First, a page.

I’ve really been trying to get through this book. It hasn’t been easy, and to be honest, Matthew Hughes, the author of “Hell to Pay”, really hasn’t been doing his readers any favors.
I accidentally selected the ebook edition on Goodreads when I started the third and thankfully final book in the “To Hell and Back” series, so Goodreads mistakenly thought that when I updated my progress to page 196, I was done with the book. I wish I was. I wish I still didn’t have to read another 140-something pages to close this series out.
Why couldn’t Goodreads be right?
Why am I reading about a dinosaur chasing Chesney, our hero, in slow motion? Or he’s super fast, so the dinosaur and everyone else just seems to be moving in slow motion. But don’t worry, in case you forget that fact, the author will remind you every third paragraph. Why am I reading about how Chesney accidentally broke his girlfriend’s ribs carrying her away from the dinosaur super fast. That’s not really important though, because a half-rate Christ figure who was written out of existence when God rewrote parts of the Bible healed her. His name is Simon, but that doesn’t matter since he’s been a more or less empty barrel of a character. It isn’t that you don’t like him, its that you don’t care one way or the other if he’s there. Also Chesney’s girlfriend is breaking up with him. While in the tree. Where they’re hiding from the dinosaur. Also there’s dinosaur people. Simon will probably become their king after they try to sacrifice Chesney and Melda to their dinosaur gods. Or something. I don’t know. More importantly, I don’t care.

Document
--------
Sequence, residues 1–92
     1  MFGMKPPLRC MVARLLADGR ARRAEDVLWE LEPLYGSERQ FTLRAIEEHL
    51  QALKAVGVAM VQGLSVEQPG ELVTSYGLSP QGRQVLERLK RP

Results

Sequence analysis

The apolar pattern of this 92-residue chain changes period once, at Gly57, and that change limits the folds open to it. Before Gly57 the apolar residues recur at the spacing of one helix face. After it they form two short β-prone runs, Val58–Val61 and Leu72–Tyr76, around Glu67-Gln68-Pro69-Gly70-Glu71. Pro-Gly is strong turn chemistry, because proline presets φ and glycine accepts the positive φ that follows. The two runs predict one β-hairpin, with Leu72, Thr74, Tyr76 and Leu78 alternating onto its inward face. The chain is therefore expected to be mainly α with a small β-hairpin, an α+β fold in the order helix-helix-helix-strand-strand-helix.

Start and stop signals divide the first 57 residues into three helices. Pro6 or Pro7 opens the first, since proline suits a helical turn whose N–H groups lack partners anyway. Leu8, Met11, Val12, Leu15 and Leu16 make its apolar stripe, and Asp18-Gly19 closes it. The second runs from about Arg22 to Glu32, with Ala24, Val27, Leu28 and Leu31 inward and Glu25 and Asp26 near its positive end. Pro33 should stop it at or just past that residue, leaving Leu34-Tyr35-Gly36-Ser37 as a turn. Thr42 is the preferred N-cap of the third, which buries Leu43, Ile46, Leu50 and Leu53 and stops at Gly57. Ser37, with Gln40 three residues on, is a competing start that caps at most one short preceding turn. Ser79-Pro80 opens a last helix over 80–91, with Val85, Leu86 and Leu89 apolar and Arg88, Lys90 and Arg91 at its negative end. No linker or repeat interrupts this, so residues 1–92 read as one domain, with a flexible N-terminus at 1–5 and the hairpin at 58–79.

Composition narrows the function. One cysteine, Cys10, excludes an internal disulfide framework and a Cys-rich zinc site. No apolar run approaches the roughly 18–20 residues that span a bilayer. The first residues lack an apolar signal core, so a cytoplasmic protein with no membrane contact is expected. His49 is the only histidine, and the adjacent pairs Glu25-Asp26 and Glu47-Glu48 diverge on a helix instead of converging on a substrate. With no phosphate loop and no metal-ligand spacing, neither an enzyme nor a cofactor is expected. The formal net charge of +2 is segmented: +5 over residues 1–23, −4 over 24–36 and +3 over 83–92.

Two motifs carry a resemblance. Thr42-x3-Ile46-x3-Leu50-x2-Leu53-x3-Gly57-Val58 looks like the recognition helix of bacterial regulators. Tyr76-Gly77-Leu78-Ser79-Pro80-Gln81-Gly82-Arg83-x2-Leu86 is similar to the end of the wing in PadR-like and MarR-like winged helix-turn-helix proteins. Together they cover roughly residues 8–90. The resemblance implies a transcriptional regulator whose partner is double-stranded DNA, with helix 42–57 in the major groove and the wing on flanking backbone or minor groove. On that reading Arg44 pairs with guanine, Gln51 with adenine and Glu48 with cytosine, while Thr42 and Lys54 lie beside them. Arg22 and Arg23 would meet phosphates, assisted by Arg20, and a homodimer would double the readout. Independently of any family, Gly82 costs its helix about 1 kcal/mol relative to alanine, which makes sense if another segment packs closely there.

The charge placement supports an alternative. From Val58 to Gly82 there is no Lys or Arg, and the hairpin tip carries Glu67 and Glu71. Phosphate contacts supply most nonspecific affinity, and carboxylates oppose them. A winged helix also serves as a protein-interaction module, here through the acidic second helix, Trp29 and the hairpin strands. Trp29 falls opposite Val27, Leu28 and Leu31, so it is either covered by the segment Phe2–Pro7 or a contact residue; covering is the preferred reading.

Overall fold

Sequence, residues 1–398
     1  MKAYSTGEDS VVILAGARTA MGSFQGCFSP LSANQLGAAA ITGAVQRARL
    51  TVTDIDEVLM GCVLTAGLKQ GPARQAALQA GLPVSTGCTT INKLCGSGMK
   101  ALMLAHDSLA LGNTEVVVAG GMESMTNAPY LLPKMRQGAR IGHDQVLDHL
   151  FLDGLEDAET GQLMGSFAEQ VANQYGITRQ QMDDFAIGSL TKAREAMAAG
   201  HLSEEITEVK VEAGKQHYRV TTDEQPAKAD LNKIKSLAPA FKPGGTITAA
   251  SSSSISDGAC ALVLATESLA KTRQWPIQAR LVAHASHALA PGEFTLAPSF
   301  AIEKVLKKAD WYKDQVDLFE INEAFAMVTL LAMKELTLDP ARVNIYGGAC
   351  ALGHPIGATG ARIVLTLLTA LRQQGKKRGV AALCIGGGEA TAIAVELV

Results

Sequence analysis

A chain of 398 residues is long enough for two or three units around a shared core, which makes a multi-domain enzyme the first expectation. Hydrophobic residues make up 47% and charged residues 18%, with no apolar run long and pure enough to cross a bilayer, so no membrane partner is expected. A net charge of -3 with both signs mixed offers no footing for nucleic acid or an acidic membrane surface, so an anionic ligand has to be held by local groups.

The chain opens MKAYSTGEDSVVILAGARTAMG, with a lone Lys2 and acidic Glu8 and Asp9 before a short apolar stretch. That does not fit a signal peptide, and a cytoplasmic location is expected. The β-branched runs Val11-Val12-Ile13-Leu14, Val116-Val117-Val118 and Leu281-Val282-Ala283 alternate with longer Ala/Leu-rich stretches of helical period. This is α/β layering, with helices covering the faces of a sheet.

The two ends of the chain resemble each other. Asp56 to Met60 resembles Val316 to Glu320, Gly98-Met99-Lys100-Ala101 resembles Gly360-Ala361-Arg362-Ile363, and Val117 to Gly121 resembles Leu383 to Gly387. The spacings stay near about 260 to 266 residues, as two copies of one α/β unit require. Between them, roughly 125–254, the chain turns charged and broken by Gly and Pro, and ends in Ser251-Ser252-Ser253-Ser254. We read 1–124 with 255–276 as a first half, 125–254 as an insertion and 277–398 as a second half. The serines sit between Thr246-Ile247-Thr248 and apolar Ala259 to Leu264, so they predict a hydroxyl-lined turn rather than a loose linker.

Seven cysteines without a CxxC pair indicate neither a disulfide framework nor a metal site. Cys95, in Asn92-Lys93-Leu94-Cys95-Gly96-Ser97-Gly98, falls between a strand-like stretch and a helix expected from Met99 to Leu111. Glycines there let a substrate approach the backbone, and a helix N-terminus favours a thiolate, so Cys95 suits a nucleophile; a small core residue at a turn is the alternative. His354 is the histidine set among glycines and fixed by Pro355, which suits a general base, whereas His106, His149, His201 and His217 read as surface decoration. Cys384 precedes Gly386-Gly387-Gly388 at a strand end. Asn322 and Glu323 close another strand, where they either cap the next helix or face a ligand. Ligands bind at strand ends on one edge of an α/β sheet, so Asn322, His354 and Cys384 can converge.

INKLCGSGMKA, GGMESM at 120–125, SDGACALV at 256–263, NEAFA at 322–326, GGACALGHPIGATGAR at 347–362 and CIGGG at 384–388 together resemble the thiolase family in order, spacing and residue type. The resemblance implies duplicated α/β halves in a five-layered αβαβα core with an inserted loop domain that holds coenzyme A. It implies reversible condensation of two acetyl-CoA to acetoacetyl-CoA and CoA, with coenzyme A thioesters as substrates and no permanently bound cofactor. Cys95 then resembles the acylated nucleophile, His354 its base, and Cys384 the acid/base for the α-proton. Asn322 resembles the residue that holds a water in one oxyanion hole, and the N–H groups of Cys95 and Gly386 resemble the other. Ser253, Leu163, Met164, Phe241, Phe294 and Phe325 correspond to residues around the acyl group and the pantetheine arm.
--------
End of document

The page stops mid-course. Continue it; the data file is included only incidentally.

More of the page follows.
So far, I can’t actually nail down what the plot is or where and to what end we’re supposed to be moving towards. The writing had been repetitive, with certain ideas being repeated over and over again without actually moving the story forward. The book feels like a 331 page run-on sentence constantly circling back to a previous idea because the author forgot he’d mentioned that already.
I enjoyed the first book in the series, “The Damned Busters”, even while I didn’t. But that feeling of just good enough, that optimism that what the book had going for it would make up for its faults, is wearing off, and I’m not sure there’s enough left to get me through those last hundred pages.